Piedmont’s Public Safety Committee meetings are not recorded by KCOM or available to watch via Zoom. The committee includes: Chief of Police Jeremy Bowers and Fire Chief Dave Brannigan, citizen committee members include Jeffrey Horner, Liz O’Neil, Marie Retherford, Georgina Russell, Jeanne Solnordal, and Marilyn Weber (chair). School Board member Veronica Anderson Thigpen is the PUSD representative and the City Council liaison is Conna McCarthy.
Exedra editor Holly Hanke attended this week’s two-hour meeting to hear from the police chief in the aftermath of recent violent robberies in town. A summary of the meeting — which covered more than just crime — follows:
Piedmont’s various committee and commission meetings don’t usually draw much of a crowd, but around 20 residents showed up at Thursday night’s Public Safety Committee meeting at City Hall to voice their concerns about recent strong-arm robberies in town and to hear what Police Chief Jeremy Bowers had to say about crime trends in Piedmont and surrounding areas. On Wednesday, the San Francisco Chronicle reported that Oakland had 100 robberies in one week this month, some of which erupted in gunfire or assaults.
Several longtime residents who spoke told the committee that they have never felt as unsafe in town as they do now. Two speakers said they would like to see money spent on more cameras and police officers. One asked what residents could to do help the police department in their investigations. A resident who witnessed the recently arrested crew of juveniles commit a violent robbery at Market Hall in Oakland’s Rockridge neighborhood last week wanted to understand how the district attorney’s policies might affect the outcome of the case.
Bowers had a “good news – bad news” message to share:
Five of the 12 juveniles recently arrested by the Oakland Police Department were involved in the Piedmont robberies, he said. He lauded his Oakland police counterparts, and also said PUSD’s rapid sharing of video evidence of the May 6 incidents as well as automated license plate reader data from Oakland and Grand avenues helped with the OPD investigation and in locating the car used by the suspects.
How the case unfolds is in the district attorney’s hands now, but the criminal justice system emphasizes rehabilitation over incarceration for juveniles.
“We are working in a challenging environment,” Bowers said. “We’re all frustrated,” he said, and noted that while there is always a level of dissatisfaction between police departments and a district attorney’s office, it was at a higher level now. Nevertheless, he said “we will control what we can” in Piedmont. He said the Police Department is always actively patrolling city streets but has plans to roll out a “Cop on the Block” foot patrol program soon.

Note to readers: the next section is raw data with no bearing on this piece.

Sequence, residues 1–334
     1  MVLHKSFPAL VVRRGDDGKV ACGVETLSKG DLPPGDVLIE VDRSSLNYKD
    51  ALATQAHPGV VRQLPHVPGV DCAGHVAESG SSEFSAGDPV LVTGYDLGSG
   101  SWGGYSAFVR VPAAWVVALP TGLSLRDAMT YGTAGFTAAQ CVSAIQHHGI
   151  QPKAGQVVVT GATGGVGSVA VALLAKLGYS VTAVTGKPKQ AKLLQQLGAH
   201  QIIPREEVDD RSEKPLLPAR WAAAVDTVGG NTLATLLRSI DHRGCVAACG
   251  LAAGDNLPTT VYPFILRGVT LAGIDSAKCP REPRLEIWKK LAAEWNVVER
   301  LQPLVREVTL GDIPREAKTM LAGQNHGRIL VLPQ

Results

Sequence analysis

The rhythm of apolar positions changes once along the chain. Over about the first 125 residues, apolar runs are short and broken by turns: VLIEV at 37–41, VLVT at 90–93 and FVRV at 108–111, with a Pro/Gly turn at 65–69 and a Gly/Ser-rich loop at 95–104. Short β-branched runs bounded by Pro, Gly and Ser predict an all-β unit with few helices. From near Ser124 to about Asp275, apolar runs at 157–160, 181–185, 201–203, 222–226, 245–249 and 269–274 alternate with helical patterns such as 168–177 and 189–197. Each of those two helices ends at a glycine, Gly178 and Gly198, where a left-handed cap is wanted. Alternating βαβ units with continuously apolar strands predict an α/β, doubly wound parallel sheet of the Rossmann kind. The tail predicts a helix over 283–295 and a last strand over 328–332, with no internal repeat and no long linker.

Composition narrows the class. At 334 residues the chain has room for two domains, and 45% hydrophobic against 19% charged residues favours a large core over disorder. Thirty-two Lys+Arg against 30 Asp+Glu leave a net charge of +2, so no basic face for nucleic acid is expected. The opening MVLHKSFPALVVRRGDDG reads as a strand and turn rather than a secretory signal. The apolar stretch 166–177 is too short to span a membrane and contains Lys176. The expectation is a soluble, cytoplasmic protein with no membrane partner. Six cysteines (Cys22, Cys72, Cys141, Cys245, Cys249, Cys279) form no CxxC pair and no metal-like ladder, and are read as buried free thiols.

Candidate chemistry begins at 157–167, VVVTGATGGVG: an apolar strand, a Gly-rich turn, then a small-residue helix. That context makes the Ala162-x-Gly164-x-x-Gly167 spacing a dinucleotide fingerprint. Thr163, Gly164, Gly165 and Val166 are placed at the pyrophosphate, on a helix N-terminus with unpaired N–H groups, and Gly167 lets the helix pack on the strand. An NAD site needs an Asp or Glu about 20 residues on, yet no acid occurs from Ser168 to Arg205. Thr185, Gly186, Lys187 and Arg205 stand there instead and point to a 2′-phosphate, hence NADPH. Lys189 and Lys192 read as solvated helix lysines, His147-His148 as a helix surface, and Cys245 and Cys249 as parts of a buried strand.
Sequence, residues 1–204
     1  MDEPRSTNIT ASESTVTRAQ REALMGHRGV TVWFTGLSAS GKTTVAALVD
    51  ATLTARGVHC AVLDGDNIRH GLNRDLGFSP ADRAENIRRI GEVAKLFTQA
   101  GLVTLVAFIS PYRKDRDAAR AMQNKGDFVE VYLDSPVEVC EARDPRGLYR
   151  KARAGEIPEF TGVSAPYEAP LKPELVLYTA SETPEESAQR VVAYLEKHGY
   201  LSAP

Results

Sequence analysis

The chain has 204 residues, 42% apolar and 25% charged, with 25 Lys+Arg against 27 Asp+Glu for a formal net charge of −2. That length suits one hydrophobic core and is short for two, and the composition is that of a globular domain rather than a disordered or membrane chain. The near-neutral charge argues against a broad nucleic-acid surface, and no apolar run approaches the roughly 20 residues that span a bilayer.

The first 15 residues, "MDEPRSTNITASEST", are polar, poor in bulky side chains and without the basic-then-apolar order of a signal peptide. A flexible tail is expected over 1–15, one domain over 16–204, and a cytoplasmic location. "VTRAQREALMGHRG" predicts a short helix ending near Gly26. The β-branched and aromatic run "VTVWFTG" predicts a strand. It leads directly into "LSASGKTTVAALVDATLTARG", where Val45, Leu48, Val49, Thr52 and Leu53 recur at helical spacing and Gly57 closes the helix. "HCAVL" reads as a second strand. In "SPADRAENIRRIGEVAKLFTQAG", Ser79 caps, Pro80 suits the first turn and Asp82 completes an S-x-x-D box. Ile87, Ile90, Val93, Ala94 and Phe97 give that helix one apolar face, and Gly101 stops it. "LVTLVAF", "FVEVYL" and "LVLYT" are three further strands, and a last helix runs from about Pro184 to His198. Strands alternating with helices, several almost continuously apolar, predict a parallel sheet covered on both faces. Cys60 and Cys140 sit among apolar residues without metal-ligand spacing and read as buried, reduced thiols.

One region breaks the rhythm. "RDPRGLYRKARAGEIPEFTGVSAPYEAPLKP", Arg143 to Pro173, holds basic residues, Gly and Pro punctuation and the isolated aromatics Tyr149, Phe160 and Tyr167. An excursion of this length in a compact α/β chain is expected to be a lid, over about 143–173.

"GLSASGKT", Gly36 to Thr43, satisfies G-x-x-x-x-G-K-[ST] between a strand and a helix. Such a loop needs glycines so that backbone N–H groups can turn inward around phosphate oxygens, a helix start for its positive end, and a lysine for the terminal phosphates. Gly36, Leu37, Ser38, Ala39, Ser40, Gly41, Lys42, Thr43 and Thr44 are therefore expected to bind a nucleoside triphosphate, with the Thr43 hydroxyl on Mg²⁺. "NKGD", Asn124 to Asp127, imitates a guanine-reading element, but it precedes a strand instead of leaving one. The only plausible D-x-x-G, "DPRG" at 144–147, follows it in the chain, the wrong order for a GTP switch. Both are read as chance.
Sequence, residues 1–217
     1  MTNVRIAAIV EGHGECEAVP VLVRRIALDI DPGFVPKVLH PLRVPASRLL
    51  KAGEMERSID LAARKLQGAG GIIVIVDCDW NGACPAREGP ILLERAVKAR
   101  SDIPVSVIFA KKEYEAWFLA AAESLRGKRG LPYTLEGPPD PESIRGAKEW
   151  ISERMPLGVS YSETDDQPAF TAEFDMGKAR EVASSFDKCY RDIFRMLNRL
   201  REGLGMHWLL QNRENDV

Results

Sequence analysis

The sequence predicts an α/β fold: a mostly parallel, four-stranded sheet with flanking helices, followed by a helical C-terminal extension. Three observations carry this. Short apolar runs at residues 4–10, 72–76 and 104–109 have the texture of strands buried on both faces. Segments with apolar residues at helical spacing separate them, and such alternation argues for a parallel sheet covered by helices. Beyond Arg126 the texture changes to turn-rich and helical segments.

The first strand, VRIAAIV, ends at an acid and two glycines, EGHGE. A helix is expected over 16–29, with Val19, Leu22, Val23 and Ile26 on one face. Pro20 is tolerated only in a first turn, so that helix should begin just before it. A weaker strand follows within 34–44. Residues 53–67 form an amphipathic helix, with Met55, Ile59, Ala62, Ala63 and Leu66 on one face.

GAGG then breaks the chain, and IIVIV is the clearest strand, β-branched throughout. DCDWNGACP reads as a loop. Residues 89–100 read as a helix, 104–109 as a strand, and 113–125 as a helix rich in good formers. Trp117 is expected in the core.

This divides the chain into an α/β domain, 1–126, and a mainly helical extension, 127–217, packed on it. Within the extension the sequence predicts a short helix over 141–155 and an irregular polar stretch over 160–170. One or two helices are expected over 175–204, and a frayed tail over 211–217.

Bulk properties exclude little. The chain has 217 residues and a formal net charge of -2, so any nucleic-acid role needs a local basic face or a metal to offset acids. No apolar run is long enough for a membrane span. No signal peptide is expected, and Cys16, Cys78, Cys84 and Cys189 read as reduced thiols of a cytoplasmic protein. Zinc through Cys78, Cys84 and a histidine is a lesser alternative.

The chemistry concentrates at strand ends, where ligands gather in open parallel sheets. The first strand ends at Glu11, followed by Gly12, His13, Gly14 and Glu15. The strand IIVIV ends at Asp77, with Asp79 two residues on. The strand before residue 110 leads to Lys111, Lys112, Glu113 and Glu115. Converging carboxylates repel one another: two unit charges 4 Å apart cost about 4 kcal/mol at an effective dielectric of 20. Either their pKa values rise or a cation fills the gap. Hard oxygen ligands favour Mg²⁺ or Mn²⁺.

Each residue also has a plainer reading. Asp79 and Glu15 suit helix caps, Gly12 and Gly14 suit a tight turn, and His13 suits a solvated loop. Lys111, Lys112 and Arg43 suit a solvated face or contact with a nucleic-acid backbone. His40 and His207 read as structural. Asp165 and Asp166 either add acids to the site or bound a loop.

(Related: DA Pamela Price to shorten prison sentences, favor probation according to leaked memo and Pamela Price wants to reshape Alameda County’s justice system; so far it’s been messy)
What you can do
- Report crimes, even if you’ve lost faith in any follow-up. Bowers said that while he did trust Piedmont’s crime data, he did not have confidence in property crime statistics from neighboring communities like Oakland (violent crime data he said was probably more accurate because people do call if they are being physically assaulted or harmed). Not reporting property crime “lets those who should be accountable off the hook,” he said.
- Do not confront anyone stealing catalytic converters. Thefts continue to be a problem locally and nationwide. Bowers said that suspects in the Bay Area are now more likely to be armed than in the past. Call 911: “If you call, we will respond,” Bowers said.
- Let Piedmont police know if you have security cameras. Having that information helps officers quickly gather video evidence in the aftermath of a crime.
- Revive Neighborhood Watch groups. Public safety is everyone’s responsibility, Bowers said.
Updates on IT security, gun violence call to action, fire season vegetation management, and school district update on Witter Field
Also at Thursday’s meeting: Assistant City Administrator John Tulloch gave a high level overview of the city’s work to protect its technical infrastructure. Bowers covered the Police Department’s gun violence prevention activities, PUSD committee member Veronica Thigpen shared information about school efforts around that effort (including trischool awareness efforts), and Fire Chief Dave Brannigan outlined his department’s plan to increase awareness around fire season.
Read about some of these initiatives here: